ST. PAUL, Minn. (AP) — The Latest on Minnesota state lawmakers resigning after a string of sexual harassment allegations (all times local):
An attorney for a Minnesota state senator accused of sexual harassment is raising questions about two of his accusers.
Sen. Dan Schoen, a Democrat, announced Tuesday he would resign. Schoen was accused by Lindsey Port, a Democratic political candidate, of commenting on her appearance and groping her buttocks at a campaign appearance.
Schoen also was accused by state Rep. Erin May Quade of unwanted advances by text.
Schoen's attorney Paul Rogosheske says several witnesses at the event attended by Port say they saw no groping. And Rogosheske says May Quade misinterpreted a text from Schoen that was intended for someone else.
Rogosheske also noted that Port's business partner is running for state auditor and suggested the accusations may have been intended to derail a competing bid by Schoen.
May Quade declined to comment on Rogosheske's statements. Port was traveling Wednesday and didn't respond to messages.
Gov. Mark Dayton says the resignations of two lawmakers accused of sexual harassment are important first steps to cleaning up sexual misconduct at the Capitol.
Democratic Sen. Dan Schoen was set to announce his resignation Wednesday from a Cottage Grove-area district after he was accused by several women in politics of groping or unwanted advances. Republican Rep. Tony Cornish announced Tuesday he'd leave his seat by Dec. 1 after accusations including a lobbyist who said he propositioned her for sex dozens of times.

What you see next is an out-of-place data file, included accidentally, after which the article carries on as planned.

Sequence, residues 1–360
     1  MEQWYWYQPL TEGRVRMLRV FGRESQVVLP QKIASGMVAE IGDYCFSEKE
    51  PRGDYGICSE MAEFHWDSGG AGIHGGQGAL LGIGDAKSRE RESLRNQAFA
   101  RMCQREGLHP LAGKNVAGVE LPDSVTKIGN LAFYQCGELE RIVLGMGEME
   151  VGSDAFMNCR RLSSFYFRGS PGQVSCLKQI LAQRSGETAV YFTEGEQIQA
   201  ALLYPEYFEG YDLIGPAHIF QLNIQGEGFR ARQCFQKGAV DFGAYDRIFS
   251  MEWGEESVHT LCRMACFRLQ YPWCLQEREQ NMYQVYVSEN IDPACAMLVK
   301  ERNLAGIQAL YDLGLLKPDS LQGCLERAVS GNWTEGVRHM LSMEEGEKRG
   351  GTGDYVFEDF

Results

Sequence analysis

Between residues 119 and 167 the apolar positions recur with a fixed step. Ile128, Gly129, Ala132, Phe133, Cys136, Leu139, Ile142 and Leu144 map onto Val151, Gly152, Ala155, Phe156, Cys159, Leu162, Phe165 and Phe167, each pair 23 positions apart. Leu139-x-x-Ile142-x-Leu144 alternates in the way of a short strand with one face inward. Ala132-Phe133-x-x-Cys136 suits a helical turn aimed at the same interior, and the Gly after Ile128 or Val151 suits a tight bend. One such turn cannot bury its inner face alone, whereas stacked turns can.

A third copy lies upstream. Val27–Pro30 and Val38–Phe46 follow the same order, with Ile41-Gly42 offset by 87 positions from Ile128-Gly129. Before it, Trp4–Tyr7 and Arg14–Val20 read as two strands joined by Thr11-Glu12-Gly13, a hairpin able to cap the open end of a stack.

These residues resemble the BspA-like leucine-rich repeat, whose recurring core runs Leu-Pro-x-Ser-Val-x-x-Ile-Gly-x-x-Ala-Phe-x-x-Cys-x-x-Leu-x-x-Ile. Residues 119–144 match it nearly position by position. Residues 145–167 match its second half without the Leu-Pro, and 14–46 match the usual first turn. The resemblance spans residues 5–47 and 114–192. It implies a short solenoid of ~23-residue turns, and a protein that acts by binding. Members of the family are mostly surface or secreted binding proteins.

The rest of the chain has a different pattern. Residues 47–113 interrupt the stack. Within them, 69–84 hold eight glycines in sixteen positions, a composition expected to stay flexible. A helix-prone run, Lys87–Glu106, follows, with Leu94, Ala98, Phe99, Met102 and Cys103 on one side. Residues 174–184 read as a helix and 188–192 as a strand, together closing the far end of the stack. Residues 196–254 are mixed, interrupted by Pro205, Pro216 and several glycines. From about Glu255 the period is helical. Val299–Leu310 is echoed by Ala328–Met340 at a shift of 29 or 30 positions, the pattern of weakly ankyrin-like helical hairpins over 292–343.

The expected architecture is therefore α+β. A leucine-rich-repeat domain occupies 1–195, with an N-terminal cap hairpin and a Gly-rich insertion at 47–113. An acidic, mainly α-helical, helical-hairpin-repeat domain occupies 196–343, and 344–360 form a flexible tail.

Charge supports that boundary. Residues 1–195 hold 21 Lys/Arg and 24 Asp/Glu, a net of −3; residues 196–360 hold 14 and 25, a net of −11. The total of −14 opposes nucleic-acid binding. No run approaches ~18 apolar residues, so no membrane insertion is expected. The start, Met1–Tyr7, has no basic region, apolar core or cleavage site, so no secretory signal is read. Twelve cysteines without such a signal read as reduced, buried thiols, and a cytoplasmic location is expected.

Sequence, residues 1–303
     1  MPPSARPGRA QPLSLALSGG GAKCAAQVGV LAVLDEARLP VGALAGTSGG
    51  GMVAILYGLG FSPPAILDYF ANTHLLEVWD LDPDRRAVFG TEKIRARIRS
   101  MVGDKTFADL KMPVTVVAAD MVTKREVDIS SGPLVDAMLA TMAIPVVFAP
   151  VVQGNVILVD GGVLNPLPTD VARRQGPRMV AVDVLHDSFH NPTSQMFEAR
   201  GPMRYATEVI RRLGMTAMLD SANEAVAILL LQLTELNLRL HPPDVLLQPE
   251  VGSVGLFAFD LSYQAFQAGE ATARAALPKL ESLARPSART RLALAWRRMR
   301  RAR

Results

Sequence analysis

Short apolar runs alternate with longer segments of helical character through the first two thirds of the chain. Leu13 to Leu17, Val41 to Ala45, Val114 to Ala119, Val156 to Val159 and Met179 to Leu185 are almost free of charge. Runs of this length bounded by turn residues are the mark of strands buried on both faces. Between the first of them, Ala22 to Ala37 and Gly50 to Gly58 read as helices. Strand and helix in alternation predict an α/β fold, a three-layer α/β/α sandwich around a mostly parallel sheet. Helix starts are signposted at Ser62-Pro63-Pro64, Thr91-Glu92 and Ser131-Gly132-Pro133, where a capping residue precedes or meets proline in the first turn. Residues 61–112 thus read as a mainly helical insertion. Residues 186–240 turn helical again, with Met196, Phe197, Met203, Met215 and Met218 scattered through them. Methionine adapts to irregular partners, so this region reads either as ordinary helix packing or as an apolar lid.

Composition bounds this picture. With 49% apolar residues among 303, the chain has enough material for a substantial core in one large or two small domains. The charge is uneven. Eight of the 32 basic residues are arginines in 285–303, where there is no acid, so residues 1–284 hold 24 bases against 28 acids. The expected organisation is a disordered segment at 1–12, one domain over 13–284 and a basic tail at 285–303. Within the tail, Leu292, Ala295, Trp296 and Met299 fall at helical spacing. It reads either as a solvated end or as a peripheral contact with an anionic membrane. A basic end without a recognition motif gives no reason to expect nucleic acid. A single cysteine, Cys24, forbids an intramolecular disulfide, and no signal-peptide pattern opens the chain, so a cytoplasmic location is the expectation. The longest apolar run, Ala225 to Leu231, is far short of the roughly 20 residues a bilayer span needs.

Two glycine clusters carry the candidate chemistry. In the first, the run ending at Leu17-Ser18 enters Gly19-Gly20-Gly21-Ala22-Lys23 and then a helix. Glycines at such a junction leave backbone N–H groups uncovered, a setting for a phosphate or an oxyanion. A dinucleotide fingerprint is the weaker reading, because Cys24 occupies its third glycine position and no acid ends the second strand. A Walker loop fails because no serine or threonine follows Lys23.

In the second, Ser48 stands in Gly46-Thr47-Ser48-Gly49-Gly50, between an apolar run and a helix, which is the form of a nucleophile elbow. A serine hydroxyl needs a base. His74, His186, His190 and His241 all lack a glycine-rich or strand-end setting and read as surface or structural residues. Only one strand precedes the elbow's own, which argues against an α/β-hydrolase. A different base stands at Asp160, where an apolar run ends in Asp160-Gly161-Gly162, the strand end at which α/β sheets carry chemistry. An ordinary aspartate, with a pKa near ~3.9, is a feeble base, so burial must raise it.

Dayton had called on both men to resign. Their seats will be filled by special elections.
Dayton says he plans to meet with party leaders next week to discuss the timing of those elections. He hopes both seats will be filled when the Legislature resumes in late February.
Minnesota state Sen. Dan Schoen is set to announce his resignation amid a cloud of sexual harassment allegations.
But it appears the Democratic senator won't go down quietly at a Wednesday news conference. His attorney told the Star Tribune Schoen would resign dispute several accusations.
Schoen allegedly grabbed a woman's buttocks at a Democratic party event and sent a female Senate staffer photos of male genitalia on Snapchat. The allegations triggered widespread calls for his resignation.
Attorney Paul Rogosheske says Schoen "doesn't want to work in an environment like this." Republican Rep. Tony Cornish also resigned Tuesday after a slew of accusations.
The status of his job as an officer with the Cottage Grove Police Department was also unclear. The department put him on administrative duties after allegations surfaced.